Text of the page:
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8424Re: Reflections on Bad Faith: To Con Oneself

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  • james tan
    Jul 2, 2002
      i agree with u that bad faith basically is the inability or unwillingness to
      accept truth about oneself. u asked a interesting question: "if 'i know'
      that i am lying to myself, how could i really be deceived". i think this is
      just another manifestation of bad faith. one may 'know', but one may not
      'accept', thus the self deception. there are two components here: one the
      intellectual, the other the emotional. his cognitive ability enables him to
      'know', but emotionally, he cannot or do not want to 'accept' that fact
      about himself - and thus, there is really a difference in iq and eq.
      research has shown that not all high scorers in iq are successful in life,
      whereas what is common among the 'achievers' in life are a good healthy dose
      of eq. eq enables people to accept the facts about themselves, which has a
      important effect in making the right decision in how they would
      realistically use their resources. more or less, they know their own
      strengths AND limits, they know what they want - and people engaged in bad
      faith is precisely lacking in these areas, so that without even these basic,
      fundamental psychological elements, they end up ineffective and maladaptive,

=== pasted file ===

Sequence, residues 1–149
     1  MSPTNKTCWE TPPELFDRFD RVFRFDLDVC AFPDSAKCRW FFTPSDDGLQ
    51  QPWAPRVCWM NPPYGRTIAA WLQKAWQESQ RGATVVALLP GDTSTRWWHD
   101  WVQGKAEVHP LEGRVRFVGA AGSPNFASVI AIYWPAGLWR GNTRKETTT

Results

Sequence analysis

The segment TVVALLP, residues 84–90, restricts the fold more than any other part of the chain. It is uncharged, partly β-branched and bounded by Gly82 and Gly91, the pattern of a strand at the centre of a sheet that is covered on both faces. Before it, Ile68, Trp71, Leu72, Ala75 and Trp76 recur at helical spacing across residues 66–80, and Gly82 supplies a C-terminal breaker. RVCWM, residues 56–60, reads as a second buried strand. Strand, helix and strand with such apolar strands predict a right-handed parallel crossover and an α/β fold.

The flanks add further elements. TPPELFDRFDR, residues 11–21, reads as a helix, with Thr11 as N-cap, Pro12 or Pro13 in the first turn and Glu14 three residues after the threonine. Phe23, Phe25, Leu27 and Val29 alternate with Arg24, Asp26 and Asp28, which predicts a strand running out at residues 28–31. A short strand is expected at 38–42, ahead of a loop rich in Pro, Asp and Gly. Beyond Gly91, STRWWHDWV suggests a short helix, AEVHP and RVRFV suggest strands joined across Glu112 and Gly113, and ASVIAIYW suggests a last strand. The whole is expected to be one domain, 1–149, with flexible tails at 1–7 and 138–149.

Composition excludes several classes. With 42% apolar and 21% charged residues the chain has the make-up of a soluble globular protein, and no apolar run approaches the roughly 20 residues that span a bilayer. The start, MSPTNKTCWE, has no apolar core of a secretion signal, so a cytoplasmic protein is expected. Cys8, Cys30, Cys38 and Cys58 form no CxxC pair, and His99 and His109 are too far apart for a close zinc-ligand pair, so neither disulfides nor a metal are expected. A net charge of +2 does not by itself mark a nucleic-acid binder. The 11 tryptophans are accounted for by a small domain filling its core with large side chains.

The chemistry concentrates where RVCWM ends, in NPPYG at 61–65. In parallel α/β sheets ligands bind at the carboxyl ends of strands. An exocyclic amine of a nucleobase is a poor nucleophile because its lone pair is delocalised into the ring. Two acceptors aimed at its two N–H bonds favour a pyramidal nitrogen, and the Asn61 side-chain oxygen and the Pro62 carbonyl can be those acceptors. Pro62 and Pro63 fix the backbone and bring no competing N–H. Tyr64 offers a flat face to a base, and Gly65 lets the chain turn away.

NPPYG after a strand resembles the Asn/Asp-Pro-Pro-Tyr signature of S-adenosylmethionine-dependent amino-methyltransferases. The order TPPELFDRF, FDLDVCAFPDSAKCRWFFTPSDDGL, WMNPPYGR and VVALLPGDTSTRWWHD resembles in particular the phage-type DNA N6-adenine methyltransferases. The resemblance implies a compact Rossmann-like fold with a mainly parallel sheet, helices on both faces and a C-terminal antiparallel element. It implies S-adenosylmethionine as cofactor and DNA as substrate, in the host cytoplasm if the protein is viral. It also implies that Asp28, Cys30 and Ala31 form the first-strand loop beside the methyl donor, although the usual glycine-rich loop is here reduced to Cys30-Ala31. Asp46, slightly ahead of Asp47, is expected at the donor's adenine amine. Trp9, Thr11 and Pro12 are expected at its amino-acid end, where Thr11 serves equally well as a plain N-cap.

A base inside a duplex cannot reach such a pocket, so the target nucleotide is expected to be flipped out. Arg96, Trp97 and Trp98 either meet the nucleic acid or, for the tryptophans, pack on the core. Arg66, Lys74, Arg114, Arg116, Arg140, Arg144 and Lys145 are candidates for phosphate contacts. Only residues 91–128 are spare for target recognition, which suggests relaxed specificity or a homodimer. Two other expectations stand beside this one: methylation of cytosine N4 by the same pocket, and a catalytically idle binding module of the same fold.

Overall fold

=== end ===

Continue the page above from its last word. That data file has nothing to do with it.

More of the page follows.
and unhappy. freud went a step further in positing the unconscious, so that
      self deception may not even be 'known' to the person concerned.

      james.


      From: "decker150" <decker150@...>
      Reply-To: Sartre@yahoogroups.com
      To: Sartre@yahoogroups.com
      Subject: [Sartre] Re: Reflections on Bad Faith: To Con Oneself
      Date: Wed, 03 Jul 2002 01:40:55 -0000

      Well, I wonder about that. Bad faith had a sense to it that oneself
      was mainly deceived in the process. If 'I know' that I am lying to
      myself, how could I really be deceived. It strikes me that bad faith
      neccessitates a believing of something that is not truth without the
      self-realization that it's actually untrue. The solitary or
      autonomous act of bad faith occurs when I am unwilling or unable to
      recognize that truth about myself. It seems to have little to do
      with 'the others' around me, but has it's central affect on oneself.

      Please help me here if I am wrong - Joe